My plan for #musicadvent (I'm using the hashtag because that name came from Twitter) was to start with the first year I can remember at all, which is 1963. If you didn't see any of this last year, the idea here is to pick one song a day, a different year each day. Last year it started in 1989 and worked up to the present, year by year. It turns out that the person who came up with the idea last year had a similar idea to mine for this year - or possibly that's what they were actually doing in the first place, if they're young. (Added: actually she may have gotten the idea from me, at least there's a tweet I missed at the time that makes it sounds like it. I wasn't sure.) In any case, this year the rule is to start with the year you were born and then work onward from there. Because I'm not good at following rules and because I was born in 1960 but the music of the early '60s mostly bores me (and also because I largely came up with this idea in order to have an excuse to talk a lot about the music of the 80s, and starting earlier would mess up that plan), I've decided I'm going to come up with something for 1960 today - I have no idea what, right now - and then tomorrow I'm going back to my original plan of starting with 1963. (The plan for the LJ/Holidailies part of this also includes plans to talk about what I remember about those years and such, and since I don't remember 1960-1962 at all, that wouldn't work for that, either.)

OK, I have looked at the Billboard list from 1960, and I'm going to go with the #1 song here, because it illustrates oh-so-well why I'm skipping ahead: it was "Theme from A Summer Place" by Percy Faith. I went and listened to 15 seconds or so of it, and I swear my blood pressure started going up. I'm going to link to a YouTube video in case you don't know the song offhand, but I can't even bear to embed it.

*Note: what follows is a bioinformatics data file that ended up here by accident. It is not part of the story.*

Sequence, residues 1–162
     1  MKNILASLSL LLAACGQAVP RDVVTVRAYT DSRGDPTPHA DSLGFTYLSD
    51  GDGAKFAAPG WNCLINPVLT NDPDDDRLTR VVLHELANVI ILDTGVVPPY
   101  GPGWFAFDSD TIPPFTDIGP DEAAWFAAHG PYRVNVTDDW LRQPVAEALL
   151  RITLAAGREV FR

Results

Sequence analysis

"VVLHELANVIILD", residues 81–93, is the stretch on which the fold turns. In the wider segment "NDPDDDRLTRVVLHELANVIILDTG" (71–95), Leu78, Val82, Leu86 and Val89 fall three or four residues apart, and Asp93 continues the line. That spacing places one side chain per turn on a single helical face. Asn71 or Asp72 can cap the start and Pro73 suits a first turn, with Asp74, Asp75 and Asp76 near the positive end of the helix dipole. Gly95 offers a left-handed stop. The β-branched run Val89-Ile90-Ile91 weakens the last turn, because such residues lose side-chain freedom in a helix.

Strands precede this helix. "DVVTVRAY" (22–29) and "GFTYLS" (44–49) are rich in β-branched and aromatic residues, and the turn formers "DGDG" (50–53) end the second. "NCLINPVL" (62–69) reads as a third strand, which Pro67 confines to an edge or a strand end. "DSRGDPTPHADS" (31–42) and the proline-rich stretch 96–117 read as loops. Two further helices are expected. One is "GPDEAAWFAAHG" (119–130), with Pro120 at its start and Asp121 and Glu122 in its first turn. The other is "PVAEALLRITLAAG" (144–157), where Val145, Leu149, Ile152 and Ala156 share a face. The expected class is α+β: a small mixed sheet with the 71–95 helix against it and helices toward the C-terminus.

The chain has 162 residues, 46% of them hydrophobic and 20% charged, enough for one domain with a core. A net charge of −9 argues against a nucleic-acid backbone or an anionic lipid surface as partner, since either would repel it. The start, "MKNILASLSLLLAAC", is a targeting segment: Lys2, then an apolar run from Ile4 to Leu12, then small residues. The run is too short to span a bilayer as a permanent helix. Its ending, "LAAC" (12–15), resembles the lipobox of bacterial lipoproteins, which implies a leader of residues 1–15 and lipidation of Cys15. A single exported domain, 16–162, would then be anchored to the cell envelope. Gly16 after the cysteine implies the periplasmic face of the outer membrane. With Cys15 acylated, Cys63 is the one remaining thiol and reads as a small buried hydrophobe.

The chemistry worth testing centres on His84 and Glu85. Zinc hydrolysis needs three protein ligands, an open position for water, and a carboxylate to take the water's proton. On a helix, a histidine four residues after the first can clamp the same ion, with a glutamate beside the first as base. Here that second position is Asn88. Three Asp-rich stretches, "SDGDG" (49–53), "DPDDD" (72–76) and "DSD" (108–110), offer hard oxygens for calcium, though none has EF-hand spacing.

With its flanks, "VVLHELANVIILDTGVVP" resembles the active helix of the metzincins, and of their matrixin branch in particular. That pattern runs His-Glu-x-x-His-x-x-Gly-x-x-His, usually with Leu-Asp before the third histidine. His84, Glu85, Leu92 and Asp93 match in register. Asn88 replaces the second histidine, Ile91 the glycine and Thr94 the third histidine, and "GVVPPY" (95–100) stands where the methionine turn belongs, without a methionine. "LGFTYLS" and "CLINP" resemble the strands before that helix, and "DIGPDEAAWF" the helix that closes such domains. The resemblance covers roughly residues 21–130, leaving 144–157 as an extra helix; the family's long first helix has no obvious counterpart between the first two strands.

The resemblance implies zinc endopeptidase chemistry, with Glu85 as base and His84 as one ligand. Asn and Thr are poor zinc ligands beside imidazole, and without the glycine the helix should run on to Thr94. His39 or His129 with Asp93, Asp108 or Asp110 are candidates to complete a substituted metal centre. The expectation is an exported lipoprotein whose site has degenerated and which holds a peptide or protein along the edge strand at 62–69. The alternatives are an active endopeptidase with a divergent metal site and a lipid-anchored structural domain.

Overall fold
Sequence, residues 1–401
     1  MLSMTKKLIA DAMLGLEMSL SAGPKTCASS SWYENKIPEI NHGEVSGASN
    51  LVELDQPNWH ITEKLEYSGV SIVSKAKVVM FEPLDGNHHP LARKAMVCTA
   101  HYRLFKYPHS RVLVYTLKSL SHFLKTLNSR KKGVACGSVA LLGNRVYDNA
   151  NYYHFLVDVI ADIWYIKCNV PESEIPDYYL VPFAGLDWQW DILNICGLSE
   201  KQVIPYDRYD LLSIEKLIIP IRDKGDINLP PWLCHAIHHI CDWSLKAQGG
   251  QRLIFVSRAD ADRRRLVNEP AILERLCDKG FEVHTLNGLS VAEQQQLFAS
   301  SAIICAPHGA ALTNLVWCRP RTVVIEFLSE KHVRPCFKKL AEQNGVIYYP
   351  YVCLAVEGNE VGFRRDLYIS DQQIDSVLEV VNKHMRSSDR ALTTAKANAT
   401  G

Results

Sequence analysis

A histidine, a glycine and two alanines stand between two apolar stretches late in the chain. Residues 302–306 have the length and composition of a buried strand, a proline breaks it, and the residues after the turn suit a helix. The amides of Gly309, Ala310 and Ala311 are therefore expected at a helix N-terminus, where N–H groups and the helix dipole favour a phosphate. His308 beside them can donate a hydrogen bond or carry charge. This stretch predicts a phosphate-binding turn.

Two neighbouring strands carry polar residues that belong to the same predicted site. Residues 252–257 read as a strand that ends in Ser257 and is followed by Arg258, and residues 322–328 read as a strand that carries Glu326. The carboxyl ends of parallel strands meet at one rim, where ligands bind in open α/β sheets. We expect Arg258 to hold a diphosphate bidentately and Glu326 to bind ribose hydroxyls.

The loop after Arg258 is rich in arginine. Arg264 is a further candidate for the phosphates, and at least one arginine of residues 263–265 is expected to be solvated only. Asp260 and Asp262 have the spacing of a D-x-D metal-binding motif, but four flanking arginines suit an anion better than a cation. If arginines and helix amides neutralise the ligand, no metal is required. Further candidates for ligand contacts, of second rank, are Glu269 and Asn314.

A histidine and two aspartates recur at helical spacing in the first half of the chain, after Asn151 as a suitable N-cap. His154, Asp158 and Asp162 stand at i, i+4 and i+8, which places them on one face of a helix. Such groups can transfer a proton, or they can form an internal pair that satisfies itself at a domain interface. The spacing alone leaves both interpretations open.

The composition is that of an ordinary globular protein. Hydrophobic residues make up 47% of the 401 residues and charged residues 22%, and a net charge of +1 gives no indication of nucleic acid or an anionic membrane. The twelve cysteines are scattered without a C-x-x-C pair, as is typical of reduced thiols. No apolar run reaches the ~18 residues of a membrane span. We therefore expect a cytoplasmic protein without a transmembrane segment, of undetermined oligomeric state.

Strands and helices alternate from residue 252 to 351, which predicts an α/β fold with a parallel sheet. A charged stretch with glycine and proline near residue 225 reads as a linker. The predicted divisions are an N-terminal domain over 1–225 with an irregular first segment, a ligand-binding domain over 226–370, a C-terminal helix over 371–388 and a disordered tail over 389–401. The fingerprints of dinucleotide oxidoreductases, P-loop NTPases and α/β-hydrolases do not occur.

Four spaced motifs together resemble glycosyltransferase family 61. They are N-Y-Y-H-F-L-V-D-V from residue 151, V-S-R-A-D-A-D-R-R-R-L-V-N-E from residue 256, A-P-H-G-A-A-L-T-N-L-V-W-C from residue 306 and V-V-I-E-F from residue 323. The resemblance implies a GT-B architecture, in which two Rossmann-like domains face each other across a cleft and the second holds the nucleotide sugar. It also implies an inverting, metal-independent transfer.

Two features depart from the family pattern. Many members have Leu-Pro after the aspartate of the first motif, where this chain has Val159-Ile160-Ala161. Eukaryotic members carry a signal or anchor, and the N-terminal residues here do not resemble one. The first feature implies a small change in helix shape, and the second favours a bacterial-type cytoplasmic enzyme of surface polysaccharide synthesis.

If you're younger, you may not understand why I hate this song with quite such a fiery passion. Well, of course it pretty much objectively sucks, too, but that's only part of the reason. I grew up on a steady diet of The Percy Faith Orchestra and Mantovani and all that kind of thing (which nowadays is not even anything you hear on elevators, but it's pretty much where the term elevator music comes from). My dad, especially, loved that stuff. My mother had slightly cooler tastes, for her era - by which I mean she liked Elvis, at least - but she didn't care about it enough to try to overrule my dad. The only radio station my dad would listen to was KODA, which even nowadays is "Sunny 99.1" and still annoys the crap out of me, although it doesn't play Mantovani any more, of course. (Actually it's one of those stations that switches over to 24-hour Christmas music sometime in November, and you know how annoying those are.)